How do Indonesian provinces vary in the levels of religious tolerance among their Muslim populations? Which province is the most tolerant and which one is the least? And how do we measure religious tolerance across regions using the tools of survey research? Having an answer to these questions is important, as it can help us understand how tolerance at the local level is influenced by local political dynamics, or how levels of tolerance might fluctuate over time.
But despite ample survey research on religious tolerance in Indonesia, these seemingly simple questions have not been satisfactorily answered. Most existing studies have overlooked the importance of subnational variation altogether, and those that look at the topic employ statistical methods that do not really allow proper comparisons, or measurements of the tolerance/intolerance construct.
Religious tolerance has political and social aspects. Politically, religious tolerance means Muslims’ willingness to respect the rights of non-Muslims. Socially, religious tolerance means a general positive orientation toward followers of other religions. This is more related to stereotypes, feelings, and absence of prejudice.
Some survey research, (for example the Wahid Foundation’s 2016 study or Lembaga Survei Indonesia’s 2006 survey) has attempted to provide a picture of tolerance on both the national and subnational levels. Another study by the Ministry of Religious Affairs (MoRA) in 2013 is particularly noteworthy. It surveyed 3,300 individuals in 33 provinces to compare the provinces’ levels of tolerance (or, as MoRA put it, “religious harmony”).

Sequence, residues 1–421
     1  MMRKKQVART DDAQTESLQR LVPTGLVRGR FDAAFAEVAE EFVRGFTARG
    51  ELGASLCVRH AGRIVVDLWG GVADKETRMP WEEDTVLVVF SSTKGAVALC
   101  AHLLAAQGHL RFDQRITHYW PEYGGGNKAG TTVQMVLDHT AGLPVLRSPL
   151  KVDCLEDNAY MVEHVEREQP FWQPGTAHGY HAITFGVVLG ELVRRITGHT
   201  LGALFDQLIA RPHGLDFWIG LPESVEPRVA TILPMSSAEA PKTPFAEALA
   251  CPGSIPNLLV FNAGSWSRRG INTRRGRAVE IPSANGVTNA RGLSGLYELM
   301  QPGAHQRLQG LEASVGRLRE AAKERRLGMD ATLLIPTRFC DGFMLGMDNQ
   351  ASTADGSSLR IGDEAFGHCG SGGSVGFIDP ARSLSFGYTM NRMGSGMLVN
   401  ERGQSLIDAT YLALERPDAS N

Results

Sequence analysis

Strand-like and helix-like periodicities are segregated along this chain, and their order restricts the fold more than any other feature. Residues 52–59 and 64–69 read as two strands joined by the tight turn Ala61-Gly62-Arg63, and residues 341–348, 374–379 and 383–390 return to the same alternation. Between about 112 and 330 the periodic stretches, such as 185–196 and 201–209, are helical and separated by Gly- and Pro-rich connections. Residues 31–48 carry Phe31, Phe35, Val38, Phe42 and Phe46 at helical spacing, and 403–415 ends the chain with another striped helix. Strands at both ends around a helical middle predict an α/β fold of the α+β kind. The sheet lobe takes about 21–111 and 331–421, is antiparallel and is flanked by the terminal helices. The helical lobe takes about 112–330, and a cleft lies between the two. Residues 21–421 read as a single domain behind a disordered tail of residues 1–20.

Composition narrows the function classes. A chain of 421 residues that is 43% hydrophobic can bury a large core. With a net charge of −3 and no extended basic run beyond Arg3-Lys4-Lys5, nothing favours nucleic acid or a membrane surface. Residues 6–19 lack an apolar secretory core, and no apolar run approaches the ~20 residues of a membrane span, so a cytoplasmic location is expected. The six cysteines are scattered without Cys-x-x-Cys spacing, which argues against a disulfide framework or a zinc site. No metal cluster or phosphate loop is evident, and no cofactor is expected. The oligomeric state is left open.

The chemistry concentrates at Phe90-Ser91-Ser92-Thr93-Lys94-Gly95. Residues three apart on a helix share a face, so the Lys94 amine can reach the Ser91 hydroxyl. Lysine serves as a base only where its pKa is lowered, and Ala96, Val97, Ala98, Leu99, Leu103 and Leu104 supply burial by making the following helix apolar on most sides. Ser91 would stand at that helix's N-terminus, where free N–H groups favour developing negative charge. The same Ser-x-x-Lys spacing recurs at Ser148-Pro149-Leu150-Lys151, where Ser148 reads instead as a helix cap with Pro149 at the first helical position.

These studies’ approach is straightforward: respondents answer a set of questions on tolerance. Each respondent’s answers to the questions are then averaged to calculate the respondent’s tolerance score. If the researcher wants to calculate province-level tolerance scores, he or she does that by averaging the tolerance scores of respondents who reside in each province.
While commonly used, such an approach suffers from three limitations. The first is the problem of weighting: by simply averaging each respondent’s responses on the tolerance questions, the researcher implicitly assumes that all of the tolerance questions are equal in importance. The researcher, of course, can weight the questions differently a priori. But that would assume that respondents also share the researcher’s perception of the questions’ relative importance.
The second problem is the problem of sparseness: often, respondents have to be discarded because they do not answer the full set of questions. This would mean a loss of information.
Lastly, there is the issue of statistical uncertainty. Calculating province-level scores by simply averaging across respondents in each province gives us a general estimate for each province, but no information about the uncertainties surrounding that estimate. (As an analogy, it would amount the same thing as having no information about margin of error in a survey). This, in turn, hinders our ability to examine if differences between provinces are statistically significant.
Estimating tolerance with Bayesian model
To address the aforementioned limitations, we can employ a Bayesian item response model (Bayesian IRT) in analysing the results of surveys on tolerance. (A detailed discussion of Bayesian models is beyond the purview of this piece, but interested readers are encouraged to consult various work on the topic.)
Bayesian IRT enables us to address the aforementioned limitations. It addresses the problem of weighting by automatically assigning greater weights to questions that better differentiate between tolerant and intolerant respondents. This weight assignment, in turn, enables us to also examine which questions or topics are more sensitive when it comes to religious tolerance.